The goal is moist soil as far as 8 to 12 inches
below the surface.
- For the first three years, young trees
need weekly watering from mid-April to
- Probe your soil 8 to 12 inches below the
surface before watering. If the soil feels moist
and sticky, allow it to dry for several more
days before watering. If the soil feels dry and
crumbly, water deeply once a week.
- Water deeply by setting your hose on a slow
trickle for several hours at the base of the
tree or use a soaker hose around the tree. On
average, your tree will need 15 gallons of water
- Remember that lawn watering will not replace
the need to deeply water young trees.
Additional Watering Tips
# 15 tree (15 gallon tree) needs about 15 gallons of water 1 time a week
during he dry months and twice a week when the weather is above 100
- A #5 tree (5 gallon tree) needs about 10
gallons of water 1 time a week during the dry months and twice a week
when the weather is above 100 degrees.
An excellent way to determine how well your soil drains is to dig an 18
inch hole about a foot deep (width is not a factor). Fill the hole with
water and let it drain out all day and overnight. Fill to the top the
next day. Place a stick in the center of the hole and mark the water
level on the stick. After 30 minutes and then again, each hour, measure
the water level. Poorly drained soil will drain about one-half inch per
hour. Moderately draining soil will drain ½ to 1 inch per hour. In soil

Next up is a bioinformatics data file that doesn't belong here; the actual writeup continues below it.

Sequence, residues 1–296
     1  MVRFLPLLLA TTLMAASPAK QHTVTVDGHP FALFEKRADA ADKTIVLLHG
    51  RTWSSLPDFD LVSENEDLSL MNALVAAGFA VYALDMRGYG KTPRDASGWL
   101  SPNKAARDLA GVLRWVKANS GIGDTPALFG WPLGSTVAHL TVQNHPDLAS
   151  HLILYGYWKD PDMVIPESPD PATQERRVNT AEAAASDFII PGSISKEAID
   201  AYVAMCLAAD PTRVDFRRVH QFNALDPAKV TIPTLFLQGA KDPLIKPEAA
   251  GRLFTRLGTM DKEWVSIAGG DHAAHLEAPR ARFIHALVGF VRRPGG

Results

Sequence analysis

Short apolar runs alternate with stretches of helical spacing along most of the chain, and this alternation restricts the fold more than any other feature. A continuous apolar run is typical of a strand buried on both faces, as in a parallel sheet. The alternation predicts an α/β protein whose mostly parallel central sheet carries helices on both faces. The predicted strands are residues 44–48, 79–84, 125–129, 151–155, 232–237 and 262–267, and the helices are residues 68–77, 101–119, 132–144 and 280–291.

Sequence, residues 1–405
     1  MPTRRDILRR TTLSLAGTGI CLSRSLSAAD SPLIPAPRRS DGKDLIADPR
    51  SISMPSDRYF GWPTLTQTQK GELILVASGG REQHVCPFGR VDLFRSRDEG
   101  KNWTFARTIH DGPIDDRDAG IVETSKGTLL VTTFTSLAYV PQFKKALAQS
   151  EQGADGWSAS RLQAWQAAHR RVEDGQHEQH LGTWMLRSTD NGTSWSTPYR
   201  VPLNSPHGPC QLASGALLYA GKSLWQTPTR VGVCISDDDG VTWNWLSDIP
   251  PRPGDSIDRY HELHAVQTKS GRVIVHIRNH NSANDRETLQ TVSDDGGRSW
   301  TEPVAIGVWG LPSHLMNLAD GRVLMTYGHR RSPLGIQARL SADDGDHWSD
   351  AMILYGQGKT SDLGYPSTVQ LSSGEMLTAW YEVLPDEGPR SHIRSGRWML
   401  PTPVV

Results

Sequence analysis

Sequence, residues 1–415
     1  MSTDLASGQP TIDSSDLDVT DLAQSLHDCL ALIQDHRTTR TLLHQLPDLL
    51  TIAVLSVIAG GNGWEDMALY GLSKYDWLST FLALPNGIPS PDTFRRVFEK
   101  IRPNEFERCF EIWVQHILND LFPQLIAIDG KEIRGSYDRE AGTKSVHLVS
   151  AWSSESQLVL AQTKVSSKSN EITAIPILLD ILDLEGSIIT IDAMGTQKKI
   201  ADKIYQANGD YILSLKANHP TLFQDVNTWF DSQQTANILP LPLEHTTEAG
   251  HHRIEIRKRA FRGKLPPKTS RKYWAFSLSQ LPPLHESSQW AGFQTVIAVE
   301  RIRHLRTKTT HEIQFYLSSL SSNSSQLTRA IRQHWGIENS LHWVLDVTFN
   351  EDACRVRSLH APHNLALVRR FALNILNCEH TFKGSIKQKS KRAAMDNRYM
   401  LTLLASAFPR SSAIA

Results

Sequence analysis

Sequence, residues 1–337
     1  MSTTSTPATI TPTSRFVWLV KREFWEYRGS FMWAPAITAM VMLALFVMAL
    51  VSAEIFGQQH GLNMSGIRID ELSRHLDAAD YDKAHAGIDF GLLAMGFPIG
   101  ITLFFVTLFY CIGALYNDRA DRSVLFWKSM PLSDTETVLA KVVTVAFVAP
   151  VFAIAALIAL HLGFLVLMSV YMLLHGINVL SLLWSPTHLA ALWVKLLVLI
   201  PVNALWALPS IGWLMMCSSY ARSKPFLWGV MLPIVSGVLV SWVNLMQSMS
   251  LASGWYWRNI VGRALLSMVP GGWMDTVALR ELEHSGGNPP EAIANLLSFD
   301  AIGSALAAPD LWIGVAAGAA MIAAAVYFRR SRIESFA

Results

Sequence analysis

that is well drained, water will recede 1 inch or more per hour.
The dripline is at the edge of the canopy.
Roots extend beyond the dripline.
Deep water your trees to allow all the roots to absorb moisture.
- The best way to deep water trees is to use a soaker hose (or a garden hose set to a trickle) that slowly applies water to the soil over several hours. Sprinklers may be used to water deeply by watering until water begins to run off, then waiting at least an hour or two to resume watering. This should be repeated until water has penetrated at least one foot in depth.
- Special care needs to be taken when watering on a slope. Water around and beyond the dripline of mature trees where the roots are, not near the base of the trunk.
- Watering during our rainless months varies greatly depending on the tree species, daily temperatures, and location in the yard, as well as soil texture, structure and depth. Click here for a table of water needs for mature trees.
- Use a shovel or soil sampling tube to check the depth of moisture to at least a foot.
- Established drought tolerant trees may need occasional watering at one or two month intervals. California native oaks, California laurel, cork oak, Chinese pistache and goldenrain trees can be damaged and short lived with frequent summer watering.
- Moisture adapted trees such as birches, redwoods, magnolias and red maples may need regular deep watering throughout their lives to look their best and perform well. These and other species greatly benefit from an occasional deep watering to the depth of at least a foot once or twice a month.
- Trees in or near lawn areas with frequent shallow watering may develop surface roots.
- Poorly adapted Monterey pine, Leyland cypress and giant sequoia are prone to insect damage and diseases in hot dry interior areas of the state regardless of how much water they are given.